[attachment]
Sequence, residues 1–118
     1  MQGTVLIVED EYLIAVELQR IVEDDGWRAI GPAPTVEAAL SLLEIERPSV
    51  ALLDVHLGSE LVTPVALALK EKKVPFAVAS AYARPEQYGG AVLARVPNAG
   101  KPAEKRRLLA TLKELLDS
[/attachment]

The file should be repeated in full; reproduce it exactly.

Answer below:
Sequence, residues 1–118
     1  MQGTVLIVED EYLIAVELQR IVEDDGWRAI GPAPTVEAAL SLLEIERPSV
    51  ALLDVHLGSE LVTPVALALK EKKVPFAVAS AYARPEQYGG AVLARVPNAG
   101  KPAEKRRLLA TLKELLDS